I’m not surprised that Bill felt on an emotional high. We all felt that. Many of us have been working in this home health sphere for many, many years. We believe in this program. There’s nothing better than seeing someone — who has gone through a surgery, or is in need of some kind of services to help monitor their condition, or recover or rehabilitate — receive those services in their home. I thought the hearing was just a great showcase of just how important that is.
You mentioned the home health provider voice that was there. That was Carrie Edwards from Mary Lanning Healthcare. I’ll just lay out a few of the things that she mentioned. Her agency previously covered a 13-county, 60-mile radius; they had to reduce that because of staffing issues and rate cuts to a 40-mile radius earlier this year. And then, more recently, to a 25-mile radius. Her agency is declining 50% of referrals. I thought that was really important because sometimes MedPAC views access as how many agencies there are per zip code.
I thought that was a great thread of questioning and discussion. We see the data and the very limiting metric that is used. You have “access” just because that agency serves your zip code as part of their delivery area. But we all know that unless you can actually receive services when you need them, your access is not real.
I thought that whole thread of discussion was just so revealing of some of the challenges that patients have. I think Carrie did such a good job of highlighting what happens to that Medicare patient who’s in a hospital bed, who needs home health care services. The discharging physician has ordered the services, and there’s no capacity for an agency to deliver them. That patient either stays in the hospital, or they go home without services, and they probably end up back in the hospital via the emergency room. Sometimes they’re headed for a skilled nursing facility.
Were there any other big takeaways that you had from things that were said during the hearing, whether it was from witnesses, or from senators?
The other takeaway, I would say, was just the knowledge level of home health care from the senators. They each had their own lens and asked questions that were through that lens. I thought the discussion on workforce was also a really good deeper dive into a huge problem that is exacerbated by CMS policy. We need resources in order to pay those nurses and pay those clinicians appropriately.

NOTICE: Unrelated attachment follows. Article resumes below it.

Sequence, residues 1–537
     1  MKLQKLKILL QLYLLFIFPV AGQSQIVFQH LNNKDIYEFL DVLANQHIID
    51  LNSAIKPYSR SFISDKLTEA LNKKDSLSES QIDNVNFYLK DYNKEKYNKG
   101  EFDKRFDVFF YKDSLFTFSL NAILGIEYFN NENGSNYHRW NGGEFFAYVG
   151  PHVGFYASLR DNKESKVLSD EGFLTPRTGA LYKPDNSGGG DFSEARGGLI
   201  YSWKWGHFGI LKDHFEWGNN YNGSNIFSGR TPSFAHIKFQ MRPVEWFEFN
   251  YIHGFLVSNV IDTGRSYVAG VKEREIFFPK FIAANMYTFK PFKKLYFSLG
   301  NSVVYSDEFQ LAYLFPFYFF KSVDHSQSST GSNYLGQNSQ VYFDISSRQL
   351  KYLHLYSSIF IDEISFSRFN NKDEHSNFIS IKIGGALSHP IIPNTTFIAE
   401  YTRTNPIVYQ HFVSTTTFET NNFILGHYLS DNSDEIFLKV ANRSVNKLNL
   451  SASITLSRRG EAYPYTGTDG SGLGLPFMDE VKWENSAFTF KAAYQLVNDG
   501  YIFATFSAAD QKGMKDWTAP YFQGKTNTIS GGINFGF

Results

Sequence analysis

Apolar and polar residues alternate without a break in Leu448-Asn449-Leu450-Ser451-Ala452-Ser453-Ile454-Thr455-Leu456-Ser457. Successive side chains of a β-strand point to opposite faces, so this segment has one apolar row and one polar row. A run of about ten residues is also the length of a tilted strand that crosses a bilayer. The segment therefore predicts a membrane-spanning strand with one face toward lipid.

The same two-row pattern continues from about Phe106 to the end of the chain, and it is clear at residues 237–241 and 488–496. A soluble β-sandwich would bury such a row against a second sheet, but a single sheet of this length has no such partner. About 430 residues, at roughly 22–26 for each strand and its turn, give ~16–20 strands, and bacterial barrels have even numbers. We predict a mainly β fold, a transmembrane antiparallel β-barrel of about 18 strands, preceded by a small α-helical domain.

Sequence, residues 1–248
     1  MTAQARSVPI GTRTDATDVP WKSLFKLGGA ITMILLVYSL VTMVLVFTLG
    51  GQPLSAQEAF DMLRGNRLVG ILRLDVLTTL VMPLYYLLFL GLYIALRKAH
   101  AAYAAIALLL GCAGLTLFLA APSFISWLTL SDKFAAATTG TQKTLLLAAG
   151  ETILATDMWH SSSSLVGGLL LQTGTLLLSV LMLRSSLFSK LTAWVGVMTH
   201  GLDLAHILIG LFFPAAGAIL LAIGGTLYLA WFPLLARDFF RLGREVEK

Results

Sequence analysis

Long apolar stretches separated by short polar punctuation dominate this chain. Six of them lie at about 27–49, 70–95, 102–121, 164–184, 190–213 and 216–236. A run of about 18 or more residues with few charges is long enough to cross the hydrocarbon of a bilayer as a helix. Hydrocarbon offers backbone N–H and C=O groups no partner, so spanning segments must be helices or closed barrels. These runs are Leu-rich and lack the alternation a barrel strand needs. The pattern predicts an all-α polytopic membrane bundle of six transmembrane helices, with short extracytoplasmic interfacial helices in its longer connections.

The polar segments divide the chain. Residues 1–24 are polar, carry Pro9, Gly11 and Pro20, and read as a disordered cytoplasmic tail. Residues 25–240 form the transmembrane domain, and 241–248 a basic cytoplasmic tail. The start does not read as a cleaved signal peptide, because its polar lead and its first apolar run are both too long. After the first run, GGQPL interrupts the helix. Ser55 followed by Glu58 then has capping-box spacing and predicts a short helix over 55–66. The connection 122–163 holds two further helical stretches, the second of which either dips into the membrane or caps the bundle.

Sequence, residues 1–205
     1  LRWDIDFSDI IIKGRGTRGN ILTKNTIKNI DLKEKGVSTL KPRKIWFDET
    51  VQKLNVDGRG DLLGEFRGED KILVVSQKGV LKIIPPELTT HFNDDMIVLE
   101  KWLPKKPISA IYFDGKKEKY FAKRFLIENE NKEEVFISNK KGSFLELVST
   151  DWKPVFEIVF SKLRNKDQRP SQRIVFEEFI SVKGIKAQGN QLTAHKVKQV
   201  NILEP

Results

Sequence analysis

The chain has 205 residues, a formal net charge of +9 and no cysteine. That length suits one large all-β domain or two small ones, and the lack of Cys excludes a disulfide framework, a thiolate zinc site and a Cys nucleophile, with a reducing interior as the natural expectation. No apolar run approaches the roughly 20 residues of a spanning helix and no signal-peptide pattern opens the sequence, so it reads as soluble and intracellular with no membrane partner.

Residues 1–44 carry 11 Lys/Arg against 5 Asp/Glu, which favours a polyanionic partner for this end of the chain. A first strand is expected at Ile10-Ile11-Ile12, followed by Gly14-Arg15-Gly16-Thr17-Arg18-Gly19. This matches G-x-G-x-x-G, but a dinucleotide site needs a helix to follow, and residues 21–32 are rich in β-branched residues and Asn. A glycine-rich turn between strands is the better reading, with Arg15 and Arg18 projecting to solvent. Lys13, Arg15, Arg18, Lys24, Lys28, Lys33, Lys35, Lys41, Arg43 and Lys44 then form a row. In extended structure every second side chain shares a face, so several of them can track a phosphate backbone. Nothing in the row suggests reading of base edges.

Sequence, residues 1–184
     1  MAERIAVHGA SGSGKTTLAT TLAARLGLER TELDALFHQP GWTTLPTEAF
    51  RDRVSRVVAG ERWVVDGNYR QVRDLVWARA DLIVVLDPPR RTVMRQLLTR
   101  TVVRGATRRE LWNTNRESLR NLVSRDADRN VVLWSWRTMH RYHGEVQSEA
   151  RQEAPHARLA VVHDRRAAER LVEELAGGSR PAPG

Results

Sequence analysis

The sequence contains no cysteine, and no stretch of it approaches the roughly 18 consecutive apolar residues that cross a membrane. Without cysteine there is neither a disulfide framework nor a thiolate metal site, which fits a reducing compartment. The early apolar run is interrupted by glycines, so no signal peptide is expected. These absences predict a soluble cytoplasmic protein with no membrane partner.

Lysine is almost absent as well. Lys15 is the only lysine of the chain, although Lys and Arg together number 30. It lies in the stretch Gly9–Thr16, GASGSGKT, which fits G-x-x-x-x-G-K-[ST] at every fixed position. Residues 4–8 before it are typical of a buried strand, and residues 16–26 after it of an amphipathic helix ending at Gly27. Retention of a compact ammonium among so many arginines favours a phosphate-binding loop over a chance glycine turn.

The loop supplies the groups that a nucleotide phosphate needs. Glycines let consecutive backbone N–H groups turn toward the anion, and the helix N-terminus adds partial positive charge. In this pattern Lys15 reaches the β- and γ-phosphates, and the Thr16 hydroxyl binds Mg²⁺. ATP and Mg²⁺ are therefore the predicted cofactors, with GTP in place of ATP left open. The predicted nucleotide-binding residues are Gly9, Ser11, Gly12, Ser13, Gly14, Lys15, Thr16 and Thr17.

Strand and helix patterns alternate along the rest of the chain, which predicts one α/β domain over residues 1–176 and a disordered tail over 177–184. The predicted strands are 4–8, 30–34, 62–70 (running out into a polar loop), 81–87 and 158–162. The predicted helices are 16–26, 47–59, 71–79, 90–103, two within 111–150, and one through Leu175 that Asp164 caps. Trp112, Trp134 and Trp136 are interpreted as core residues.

It seems like we’re moving in the opposite direction, and the CMS policy is exactly the wrong policy at the wrong time. I thought that there was just a lot of base knowledge that was very deep from really all of the senators.
As we approach October, with the final rule coming then, or maybe in early November, what is your feeling now on how that final rule will end up? Are you more optimistic than you were prior to the hearing?
I’m always optimistic. I talked to a lot of policymakers on the Hill. There’s a lot of support for home health care.
There’s an understanding of how important it is. When we have a hearing which showcases that, it does make me more hopeful. We have to make sure our message is heard by CMS. These reimbursement cuts are a direct line to a decrease in access to care. We need CMS to feel the pressure of policymakers from lots of different corners who are saying this doesn’t make sense.
Let’s re-do this, let’s retract these cuts, because they’re having a detrimental impact on seniors’ ability to access health care at home. Let’s pause, let’s take a step back here. I’m optimistic, but I’m on pins and needles, as all of us who work in the home health community are. We’re going to keep working until the final moment in order to make sure that our voices are loud and that they’re heard.